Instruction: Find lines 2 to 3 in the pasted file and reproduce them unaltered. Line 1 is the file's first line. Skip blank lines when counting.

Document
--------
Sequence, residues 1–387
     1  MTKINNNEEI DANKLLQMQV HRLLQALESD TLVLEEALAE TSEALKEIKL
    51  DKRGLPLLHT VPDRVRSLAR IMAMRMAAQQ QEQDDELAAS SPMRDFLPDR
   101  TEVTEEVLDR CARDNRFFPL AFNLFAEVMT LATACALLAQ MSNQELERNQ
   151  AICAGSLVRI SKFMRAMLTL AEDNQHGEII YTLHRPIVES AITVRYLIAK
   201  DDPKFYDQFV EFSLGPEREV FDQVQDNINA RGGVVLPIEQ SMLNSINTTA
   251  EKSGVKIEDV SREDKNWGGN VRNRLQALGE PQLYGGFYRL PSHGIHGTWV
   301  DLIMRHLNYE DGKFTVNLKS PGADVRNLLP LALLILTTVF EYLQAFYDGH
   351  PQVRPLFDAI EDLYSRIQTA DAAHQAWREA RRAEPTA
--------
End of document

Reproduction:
     1  MTKINNNEEI DANKLLQMQV HRLLQALESD TLVLEEALAE TSEALKEIKL
    51  DKRGLPLLHT VPDRVRSLAR IMAMRMAAQQ QEQDDELAAS SPMRDFLPDR